My GF lived in Virginia for 9 months, came back, worked for the University for 3 years and was labeled as out-of-state when she applied to UM for grad school this year.
She had to print her W2 off of Wolverine Access and take it to the financial aide office to prove her residency.
Yes, cause they will definitely overcharge you and return your money rather than undercharge you and then have to hound you for more money. Makes perfect business sense...I'm sure as soon as she realized and took her W-2 they changed it, right?
My GF lived in Virginia for 9 months, came back, worked for the University for 3 years and was labeled as out-of-state when she applied to UM for grad school this year.
She had to print her W2 off of Wolverine Access and take it to the financial aide office to prove her residency.
but I have known many people to travel abroad in lieu of studies (for Umich) and come back and be told they are not in-state, because they have been gone for a year.
HOWEVER, I have known some to have divorced parents (one in Mich and the other in Illinois) and live in Michigan their whole life and still be considered out of state.
I know this makes for a long post, but it is incredibly relevent: I know a girl who I grew up with (known since 2nd grade I believe) who has not moved, been labeled as out of state just because of . . . ???
Love my future alma mater, but jeez, some of these cases are very upsetting.
If you are active duty military, you can continue to be a "resident" of your home state. After spending 6 and a half years away from Michigan while in the Marines, I was still a Michigan resident, my car had Michigan liscense plate, etc... The University is in the wrong on this issue if it turns out they are trying to push the issue of residency.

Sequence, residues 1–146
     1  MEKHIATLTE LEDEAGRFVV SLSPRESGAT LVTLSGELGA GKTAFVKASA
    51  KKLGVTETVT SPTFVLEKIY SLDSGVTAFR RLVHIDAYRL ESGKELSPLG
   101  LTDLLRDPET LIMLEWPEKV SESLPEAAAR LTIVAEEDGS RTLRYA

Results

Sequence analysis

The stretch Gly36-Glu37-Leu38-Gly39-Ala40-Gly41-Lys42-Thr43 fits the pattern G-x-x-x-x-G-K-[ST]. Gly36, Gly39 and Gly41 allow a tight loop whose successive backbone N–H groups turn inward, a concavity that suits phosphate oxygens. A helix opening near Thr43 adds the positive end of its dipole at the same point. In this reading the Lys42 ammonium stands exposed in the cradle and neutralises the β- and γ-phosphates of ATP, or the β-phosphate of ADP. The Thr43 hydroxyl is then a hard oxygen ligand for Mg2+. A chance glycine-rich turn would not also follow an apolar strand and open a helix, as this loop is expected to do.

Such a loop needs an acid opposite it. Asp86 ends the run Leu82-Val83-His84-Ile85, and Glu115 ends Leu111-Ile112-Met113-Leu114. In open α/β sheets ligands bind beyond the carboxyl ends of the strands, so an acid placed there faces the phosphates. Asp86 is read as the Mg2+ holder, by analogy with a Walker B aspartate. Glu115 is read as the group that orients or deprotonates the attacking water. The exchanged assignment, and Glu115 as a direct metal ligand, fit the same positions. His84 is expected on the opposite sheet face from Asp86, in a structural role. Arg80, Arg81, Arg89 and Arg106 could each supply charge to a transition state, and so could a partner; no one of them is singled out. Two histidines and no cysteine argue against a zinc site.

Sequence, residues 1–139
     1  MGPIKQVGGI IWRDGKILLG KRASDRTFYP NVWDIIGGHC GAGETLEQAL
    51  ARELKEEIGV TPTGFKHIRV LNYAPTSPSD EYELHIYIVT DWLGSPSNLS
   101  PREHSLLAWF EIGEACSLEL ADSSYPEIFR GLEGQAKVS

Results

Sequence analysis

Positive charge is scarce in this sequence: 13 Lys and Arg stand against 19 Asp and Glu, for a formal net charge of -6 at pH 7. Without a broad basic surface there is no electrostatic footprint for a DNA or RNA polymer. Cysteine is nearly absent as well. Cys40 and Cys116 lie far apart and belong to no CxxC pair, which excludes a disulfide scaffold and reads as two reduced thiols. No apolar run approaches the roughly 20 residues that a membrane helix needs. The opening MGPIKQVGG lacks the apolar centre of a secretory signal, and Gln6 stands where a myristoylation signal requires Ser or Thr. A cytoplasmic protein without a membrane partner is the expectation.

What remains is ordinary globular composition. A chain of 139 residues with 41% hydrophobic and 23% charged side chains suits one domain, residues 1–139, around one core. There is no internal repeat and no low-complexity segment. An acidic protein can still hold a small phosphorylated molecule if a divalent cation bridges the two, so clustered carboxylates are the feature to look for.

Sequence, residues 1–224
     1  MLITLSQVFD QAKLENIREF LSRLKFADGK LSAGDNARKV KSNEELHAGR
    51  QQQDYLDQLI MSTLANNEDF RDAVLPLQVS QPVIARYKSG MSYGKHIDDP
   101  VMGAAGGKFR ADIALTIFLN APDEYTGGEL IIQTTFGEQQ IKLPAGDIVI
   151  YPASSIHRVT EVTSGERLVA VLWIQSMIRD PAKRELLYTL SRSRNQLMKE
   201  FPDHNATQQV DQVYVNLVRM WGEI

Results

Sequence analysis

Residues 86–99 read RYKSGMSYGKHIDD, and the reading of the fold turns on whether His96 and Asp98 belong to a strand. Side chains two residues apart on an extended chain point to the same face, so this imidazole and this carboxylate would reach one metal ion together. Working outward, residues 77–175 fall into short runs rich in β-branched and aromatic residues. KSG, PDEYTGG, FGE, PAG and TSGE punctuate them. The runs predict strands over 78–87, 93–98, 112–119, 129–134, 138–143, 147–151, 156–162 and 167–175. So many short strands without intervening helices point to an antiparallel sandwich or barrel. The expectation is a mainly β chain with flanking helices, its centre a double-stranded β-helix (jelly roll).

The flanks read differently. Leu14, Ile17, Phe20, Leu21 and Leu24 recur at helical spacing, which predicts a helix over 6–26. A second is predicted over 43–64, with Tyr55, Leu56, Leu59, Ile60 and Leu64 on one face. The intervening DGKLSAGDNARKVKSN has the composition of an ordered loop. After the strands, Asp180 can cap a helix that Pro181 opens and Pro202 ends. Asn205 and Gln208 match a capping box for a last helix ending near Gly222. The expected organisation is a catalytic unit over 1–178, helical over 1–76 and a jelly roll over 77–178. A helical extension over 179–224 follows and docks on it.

As others have noted, they have to make a cut-off somewhere, and 2 years seems as reasonable as any. Most states have residency requirements for a host of state-financed/administered utilities (like marriage, driver's license, etc.), and schooling is the same way. I think the OP's linked story is a special case that should be treated differently, but while it sucks that two years was the cut-off for you it doesn't seem unreasonable.
My roommate at UofM was born in NY and lived most of his life in South Carolina. And just because he had never "been to Michigan" or "resided in the state" during his life they charged him out-of-state tution. Assholes.
Where was his duty station while in the Navy? For example, if he established residency in California while in the Navy, he would be entitled to in state tuition there. If he had kept Michigan as his permanent residence, which you can do no matter where you are stationed, you maintain the right to in state tuition. If you establish residency somewhere else, which many in the military do for lower tax rates, auto insurance, etc, you gain the benefits of that state.
So wouldn't have been able to establish residency in another state, if that's accurate.
I second this. Dude had the option, when enlisting/comissioning, to choose Michigan as his state-of-residency. If he didn't, then got stationed in say Great Lakes and chose IL as his state, that's on him. I feel bad for the kid that he didn't know this, but his ignorance shouldn't be a reason for UM people to get insulted.